Senator Ken LaValle said Tuesday that the Senate passed legislation to help police investigate deadly automobile accidents by requiring field testing and blood alcohol level checks by law enforcement officers.
“We have worked to strengthen Driving While Intoxicated laws time and time again with the thought that by increasing penalties, the public would become further educated as to the devastating consequences,” said Senator LaValle. “This bill would give enforcement increased ability and another tool to keep more drunk drivers off the road, which would better protect the public.”
Field tests and blood alcohol level tests are a critical piece of evidence used in a trial to prosecute drunk drivers for their crimes. Under current law, if a driver does not display signs that would lead an investigator to conclude alcohol may be involved in a crash, the driver is not compelled to be tested. Law enforcement officials must also obtain a court order to test drivers who refuse to submit to chemical tests when someone has been killed or seriously injured.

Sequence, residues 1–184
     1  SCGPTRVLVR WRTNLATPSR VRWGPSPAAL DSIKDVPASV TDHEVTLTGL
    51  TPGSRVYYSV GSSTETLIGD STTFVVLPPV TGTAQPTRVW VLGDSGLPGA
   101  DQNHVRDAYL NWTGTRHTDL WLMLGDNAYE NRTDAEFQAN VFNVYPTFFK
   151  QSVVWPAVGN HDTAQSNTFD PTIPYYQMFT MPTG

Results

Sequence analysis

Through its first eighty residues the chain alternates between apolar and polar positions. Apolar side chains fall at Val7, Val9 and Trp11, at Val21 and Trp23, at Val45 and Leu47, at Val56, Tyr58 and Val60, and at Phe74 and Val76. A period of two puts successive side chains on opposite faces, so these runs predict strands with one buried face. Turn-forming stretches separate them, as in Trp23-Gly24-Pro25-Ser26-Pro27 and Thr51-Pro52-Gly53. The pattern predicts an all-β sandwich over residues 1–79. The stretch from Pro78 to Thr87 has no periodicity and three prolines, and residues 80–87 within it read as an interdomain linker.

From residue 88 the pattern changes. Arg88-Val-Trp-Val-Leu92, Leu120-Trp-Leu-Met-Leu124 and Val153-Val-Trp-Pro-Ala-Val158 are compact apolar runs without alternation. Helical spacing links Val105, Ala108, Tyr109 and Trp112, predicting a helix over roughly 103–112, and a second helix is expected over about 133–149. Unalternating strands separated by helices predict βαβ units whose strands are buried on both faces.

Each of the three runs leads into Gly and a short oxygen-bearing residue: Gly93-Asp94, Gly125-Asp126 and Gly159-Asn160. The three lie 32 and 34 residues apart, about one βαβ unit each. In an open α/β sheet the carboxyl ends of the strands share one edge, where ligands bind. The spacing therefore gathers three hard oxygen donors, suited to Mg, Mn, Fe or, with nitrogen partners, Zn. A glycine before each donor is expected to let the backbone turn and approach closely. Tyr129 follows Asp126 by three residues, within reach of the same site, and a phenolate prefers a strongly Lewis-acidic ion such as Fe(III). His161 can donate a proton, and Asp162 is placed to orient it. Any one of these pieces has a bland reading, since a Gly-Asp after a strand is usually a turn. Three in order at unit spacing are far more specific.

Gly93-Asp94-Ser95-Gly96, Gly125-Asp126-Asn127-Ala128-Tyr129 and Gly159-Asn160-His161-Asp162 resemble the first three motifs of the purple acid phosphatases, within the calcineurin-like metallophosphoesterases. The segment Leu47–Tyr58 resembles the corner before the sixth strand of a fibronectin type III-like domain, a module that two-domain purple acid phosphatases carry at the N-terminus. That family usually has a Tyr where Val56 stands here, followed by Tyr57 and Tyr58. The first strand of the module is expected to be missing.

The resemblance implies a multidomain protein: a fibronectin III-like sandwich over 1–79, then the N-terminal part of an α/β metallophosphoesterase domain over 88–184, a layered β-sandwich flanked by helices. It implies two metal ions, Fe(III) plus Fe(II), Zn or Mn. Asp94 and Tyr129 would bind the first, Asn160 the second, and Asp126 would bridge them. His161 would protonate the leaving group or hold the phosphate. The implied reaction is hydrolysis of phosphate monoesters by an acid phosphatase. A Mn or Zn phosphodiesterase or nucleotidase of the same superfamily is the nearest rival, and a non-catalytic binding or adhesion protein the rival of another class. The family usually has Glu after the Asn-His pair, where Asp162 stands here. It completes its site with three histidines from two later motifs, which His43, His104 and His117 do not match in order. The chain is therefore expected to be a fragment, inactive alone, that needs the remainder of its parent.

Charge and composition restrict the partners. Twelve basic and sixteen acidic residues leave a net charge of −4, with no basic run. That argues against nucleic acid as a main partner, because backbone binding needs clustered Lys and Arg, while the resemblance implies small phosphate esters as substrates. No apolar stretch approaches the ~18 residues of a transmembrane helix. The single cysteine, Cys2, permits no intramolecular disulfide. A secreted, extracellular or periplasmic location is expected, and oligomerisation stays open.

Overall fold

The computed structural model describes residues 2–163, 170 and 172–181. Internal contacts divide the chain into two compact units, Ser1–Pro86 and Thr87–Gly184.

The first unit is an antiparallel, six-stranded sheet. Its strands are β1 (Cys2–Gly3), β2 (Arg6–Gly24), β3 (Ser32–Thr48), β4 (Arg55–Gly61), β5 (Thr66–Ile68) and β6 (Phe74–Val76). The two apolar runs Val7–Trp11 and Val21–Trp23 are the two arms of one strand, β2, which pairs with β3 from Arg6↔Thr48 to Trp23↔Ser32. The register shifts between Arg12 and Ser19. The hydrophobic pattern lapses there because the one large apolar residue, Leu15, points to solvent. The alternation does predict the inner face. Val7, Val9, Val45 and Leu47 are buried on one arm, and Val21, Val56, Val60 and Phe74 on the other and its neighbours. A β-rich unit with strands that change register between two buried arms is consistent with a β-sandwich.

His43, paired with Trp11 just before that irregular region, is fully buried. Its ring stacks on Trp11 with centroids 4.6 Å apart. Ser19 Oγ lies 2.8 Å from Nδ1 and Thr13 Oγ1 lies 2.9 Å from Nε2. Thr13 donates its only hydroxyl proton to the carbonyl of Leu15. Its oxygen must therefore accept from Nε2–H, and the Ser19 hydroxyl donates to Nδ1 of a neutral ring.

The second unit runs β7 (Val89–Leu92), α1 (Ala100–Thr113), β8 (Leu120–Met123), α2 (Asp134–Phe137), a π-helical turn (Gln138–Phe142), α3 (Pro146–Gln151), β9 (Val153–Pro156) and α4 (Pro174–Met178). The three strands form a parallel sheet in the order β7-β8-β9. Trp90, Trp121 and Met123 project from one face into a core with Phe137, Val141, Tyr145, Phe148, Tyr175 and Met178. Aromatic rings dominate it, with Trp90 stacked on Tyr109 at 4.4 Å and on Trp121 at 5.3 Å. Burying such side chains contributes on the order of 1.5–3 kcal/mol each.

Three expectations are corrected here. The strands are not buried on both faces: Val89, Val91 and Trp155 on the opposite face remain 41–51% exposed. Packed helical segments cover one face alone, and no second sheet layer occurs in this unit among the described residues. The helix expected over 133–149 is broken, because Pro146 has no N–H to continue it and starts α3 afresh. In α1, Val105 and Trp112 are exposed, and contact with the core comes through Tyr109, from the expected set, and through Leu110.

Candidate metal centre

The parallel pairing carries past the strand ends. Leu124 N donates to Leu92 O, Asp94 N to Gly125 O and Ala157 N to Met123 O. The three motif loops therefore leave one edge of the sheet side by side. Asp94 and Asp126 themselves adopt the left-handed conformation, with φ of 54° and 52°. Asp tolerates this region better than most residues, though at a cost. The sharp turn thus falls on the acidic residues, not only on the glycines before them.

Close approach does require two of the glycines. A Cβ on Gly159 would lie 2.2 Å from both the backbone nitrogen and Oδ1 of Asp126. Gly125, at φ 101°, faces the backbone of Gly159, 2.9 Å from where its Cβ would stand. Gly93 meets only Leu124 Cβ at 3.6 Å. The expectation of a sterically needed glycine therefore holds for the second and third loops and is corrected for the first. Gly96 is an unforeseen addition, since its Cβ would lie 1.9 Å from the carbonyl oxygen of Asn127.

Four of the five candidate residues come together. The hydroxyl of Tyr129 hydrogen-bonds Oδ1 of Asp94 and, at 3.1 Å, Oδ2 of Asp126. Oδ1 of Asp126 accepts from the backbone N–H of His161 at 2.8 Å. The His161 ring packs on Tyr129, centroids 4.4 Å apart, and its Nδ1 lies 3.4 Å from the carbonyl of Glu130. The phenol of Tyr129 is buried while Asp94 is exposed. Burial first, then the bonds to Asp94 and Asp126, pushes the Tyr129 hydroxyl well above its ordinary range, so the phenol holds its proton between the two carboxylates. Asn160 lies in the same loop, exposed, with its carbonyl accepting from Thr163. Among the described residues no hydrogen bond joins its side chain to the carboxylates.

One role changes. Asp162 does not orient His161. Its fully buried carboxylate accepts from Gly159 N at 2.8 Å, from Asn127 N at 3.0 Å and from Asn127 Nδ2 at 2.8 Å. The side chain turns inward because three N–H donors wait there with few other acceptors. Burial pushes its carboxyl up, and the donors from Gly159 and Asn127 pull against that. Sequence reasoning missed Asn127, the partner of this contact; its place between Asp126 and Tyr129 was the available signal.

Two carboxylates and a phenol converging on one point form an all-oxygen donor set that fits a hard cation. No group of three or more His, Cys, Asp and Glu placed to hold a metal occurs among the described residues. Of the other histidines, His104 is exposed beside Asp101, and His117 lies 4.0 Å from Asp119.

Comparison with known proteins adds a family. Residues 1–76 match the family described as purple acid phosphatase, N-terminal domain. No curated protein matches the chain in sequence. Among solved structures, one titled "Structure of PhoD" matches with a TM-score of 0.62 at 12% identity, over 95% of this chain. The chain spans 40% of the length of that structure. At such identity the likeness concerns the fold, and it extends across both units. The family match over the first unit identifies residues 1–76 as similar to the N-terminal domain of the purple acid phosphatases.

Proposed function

The Senate bill would give law enforcement the ability to require all drivers to submit to field sobriety tests and blood alcohol level tests at the scene or in the hospital when there is a serious injury or death. The tests can be used to determine if intoxication was a factor in the crash and identify the driver that was responsible. Refusal by a driver to consent to the tests would be treated as a presumption of guilt and made part of the police report that can be used at trial.
The bill has been sent to the Assembly for consideration.